Ibn al-Shaykh al-Libi was America's first big trophy in the war on terror: a senior Qaeda operative captured amid the fighting in Afghanistan. What is less known is that al-Libi, who ran Qaeda training camps, quickly became the subject of a bitter feud between the FBI and the CIA over how to interrogate terror suspects. At the time of al-Libi's capture on Nov. 11, 2001, the questioning of detainees was still the FBI's province. For years the bureau's "bin Laden team" had sought to win suspects over with a carrots-and-no-sticks approach: favors in exchange for cooperation. One terrorist, in return for talking, even wangled a heart transplant for his child.

With al-Libi, too, the initial approach was to read him his rights like any arrestee, one former member of the FBI team told NEWSWEEK. "He was basically cooperating with us." But this was post-9/11; President Bush had declared war on Al Qaeda, and in a series of covert directives, he had authorized the CIA to set up secret interrogation facilities and to use new, harsher methods. The CIA, says the FBI source, was "fighting with us tooth and nail."

The handling of al-Libi touched off a long-running battle over interrogation tactics inside the administration. It is a struggle that continued right up until the Abu Ghraib scandal broke in April--and it extended into the White House, with Condoleezza Rice's National Security Council pitted against lawyers for the White House counsel and the vice president. Indeed, one reason the prison abuse scandal won't go away--two months after gruesome photos were published worldwide--is that a long paper trail of memos and directives from inside the administration has emerged, often leaked by those who disagreed with rougher means of questioning.

Last week the White House dismissed news accounts of one such memo, an explosive August 2002 brief from the Justice Department's Office of Legal Counsel disclosed by The Washington Post. The memo, drafted by former OLC lawyer John Yoo, has been widely criticized for seeming to flout conventions against torture. It defends most interrogation methods short of severe, intentionally inflicted pain and permanent damage. White House officials told reporters that such abstract legal reasoning was insignificant and did not reflect the president's orders. But NEWSWEEK has learned that Yoo's August 2002 memo was prompted by CIA questions about what to do with a top Qaeda captive, Abu Zubaydah, who had turned uncooperative. And it was drafted after White House meetings convened by George W. Bush's chief counsel, Alberto Gonzales, along with Defense Department general counsel William Haynes and David Addington, Vice President Dick Cheney's counsel, who discussed specific interrogation techniques, says a source familiar with the discussions. Among the methods they found acceptable: "water-boarding," or dripping water into a wet cloth over a suspect's face, which can feel like drowning; and threatening to bring in more-brutal interrogators from other nations.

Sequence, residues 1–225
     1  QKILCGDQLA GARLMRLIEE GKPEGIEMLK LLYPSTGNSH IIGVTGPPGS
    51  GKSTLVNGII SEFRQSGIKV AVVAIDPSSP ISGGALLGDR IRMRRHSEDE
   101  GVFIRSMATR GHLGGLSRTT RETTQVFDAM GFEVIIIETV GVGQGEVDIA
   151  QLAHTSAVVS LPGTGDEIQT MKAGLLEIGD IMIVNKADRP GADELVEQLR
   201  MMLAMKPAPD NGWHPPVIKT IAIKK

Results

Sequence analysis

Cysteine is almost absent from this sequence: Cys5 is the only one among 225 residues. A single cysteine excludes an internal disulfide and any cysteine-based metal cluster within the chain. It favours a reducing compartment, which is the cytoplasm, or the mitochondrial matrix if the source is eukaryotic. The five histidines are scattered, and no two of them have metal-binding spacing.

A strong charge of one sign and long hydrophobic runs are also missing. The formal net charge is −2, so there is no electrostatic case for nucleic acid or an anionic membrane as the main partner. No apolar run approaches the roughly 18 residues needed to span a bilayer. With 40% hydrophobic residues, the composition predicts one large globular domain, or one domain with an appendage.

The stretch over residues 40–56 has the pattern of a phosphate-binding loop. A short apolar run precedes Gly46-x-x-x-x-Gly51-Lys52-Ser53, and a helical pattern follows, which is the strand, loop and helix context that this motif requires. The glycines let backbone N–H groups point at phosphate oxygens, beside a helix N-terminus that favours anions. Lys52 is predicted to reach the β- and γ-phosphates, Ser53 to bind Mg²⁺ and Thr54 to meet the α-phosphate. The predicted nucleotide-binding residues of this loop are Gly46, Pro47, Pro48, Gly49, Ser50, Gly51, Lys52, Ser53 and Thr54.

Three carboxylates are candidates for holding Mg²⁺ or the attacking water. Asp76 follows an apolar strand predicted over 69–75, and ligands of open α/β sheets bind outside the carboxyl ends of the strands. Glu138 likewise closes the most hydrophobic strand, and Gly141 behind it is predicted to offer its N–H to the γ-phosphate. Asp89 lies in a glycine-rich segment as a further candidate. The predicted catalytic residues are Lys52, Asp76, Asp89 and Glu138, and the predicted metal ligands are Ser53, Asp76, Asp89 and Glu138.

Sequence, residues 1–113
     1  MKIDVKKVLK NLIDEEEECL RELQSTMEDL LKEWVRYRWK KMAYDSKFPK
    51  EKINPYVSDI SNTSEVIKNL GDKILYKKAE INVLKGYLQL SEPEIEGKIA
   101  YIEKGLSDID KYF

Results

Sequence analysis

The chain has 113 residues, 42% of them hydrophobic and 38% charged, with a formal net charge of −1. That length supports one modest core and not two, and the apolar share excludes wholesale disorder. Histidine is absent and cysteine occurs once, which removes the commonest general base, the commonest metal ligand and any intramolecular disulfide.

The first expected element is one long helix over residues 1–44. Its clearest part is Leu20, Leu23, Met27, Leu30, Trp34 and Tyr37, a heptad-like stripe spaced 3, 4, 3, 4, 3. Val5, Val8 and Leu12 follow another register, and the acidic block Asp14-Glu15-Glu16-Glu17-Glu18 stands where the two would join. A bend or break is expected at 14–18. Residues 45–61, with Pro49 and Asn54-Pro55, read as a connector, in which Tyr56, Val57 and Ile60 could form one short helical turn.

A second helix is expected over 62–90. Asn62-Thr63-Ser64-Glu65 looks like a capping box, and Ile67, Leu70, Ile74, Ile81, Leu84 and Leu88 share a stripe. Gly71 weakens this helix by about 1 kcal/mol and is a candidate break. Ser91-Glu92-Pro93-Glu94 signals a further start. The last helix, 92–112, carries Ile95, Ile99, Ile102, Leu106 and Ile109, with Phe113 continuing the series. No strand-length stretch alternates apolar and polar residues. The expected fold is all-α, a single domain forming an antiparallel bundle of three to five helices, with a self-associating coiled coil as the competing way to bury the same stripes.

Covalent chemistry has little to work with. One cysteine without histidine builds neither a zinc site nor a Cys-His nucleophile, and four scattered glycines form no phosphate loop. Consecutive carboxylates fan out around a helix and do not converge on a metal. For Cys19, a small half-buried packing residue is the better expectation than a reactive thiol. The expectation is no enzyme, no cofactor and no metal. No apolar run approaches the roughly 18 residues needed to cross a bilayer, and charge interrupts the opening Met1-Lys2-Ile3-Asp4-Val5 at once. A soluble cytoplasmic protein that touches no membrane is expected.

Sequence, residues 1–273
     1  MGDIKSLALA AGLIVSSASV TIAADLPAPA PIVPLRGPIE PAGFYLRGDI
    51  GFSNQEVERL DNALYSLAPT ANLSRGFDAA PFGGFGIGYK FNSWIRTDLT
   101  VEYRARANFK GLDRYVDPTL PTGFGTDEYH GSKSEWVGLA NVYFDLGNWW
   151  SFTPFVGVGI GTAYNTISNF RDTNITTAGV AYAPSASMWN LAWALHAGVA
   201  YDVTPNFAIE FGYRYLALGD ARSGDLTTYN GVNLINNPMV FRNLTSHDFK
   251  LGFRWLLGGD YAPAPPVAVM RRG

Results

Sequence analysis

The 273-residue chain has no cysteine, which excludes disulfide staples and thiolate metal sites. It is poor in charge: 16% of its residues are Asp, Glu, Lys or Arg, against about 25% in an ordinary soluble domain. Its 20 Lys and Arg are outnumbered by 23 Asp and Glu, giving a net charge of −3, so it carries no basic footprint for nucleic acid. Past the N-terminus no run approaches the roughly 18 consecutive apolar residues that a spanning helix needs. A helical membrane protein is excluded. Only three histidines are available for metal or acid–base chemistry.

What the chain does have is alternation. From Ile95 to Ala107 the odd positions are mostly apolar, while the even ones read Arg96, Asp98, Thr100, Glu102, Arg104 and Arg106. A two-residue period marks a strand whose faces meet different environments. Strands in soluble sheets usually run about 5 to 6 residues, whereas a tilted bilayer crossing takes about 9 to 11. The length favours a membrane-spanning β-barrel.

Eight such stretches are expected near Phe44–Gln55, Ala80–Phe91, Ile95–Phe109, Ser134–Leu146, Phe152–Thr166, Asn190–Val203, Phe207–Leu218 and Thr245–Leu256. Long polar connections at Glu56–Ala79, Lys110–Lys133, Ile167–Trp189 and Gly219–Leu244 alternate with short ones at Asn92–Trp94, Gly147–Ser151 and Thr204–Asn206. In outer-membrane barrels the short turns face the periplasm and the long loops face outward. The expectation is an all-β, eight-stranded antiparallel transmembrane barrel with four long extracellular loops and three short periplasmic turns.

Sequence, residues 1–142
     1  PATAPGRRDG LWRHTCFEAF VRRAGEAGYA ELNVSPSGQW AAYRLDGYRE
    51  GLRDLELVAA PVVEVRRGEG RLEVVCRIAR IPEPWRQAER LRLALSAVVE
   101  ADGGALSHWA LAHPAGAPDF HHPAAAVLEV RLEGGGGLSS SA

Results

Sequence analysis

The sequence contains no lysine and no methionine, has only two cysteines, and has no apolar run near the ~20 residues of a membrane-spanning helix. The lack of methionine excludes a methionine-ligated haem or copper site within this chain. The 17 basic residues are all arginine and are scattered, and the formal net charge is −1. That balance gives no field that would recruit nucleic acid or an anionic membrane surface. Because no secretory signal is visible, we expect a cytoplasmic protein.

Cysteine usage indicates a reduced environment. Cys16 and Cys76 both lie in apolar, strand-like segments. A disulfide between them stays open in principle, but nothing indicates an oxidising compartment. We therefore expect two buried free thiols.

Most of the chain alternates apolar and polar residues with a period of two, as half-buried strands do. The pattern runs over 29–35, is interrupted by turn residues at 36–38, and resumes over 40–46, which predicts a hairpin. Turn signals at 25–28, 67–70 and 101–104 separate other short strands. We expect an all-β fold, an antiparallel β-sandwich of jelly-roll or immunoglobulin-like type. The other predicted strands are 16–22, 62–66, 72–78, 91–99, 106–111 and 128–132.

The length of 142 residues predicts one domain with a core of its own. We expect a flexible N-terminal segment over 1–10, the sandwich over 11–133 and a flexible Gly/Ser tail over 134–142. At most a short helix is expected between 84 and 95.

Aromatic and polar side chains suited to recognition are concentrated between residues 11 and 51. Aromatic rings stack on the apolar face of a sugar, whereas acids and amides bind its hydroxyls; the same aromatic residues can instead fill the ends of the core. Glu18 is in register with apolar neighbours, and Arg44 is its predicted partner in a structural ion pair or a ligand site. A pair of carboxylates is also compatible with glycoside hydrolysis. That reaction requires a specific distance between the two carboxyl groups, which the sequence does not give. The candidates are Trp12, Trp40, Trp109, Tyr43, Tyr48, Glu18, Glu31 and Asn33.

Al-Libi's capture, some sources say, was an early turning point in the government's internal debates over interrogation methods. FBI officials brought their plea to retain control over al-Libi's interrogation up to FBI Director Robert Mueller. The CIA station chief in Afghanistan, meanwhile, appealed to the agency's hawkish counterterrorism chief, Cofer Black. He in turn called CIA Director George Tenet, who went to the White House. Al-Libi was handed over to the CIA. "They duct-taped his mouth, cinched him up and sent him to Cairo" for more-fearsome Egyptian interrogations, says the ex-FBI official. "At the airport the CIA case officer goes up to him and says, 'You're going to Cairo, you know. Before you get there I'm going to find your mother and I'm going to f--- her.' So we lost that fight." (A CIA official said he had no comment.)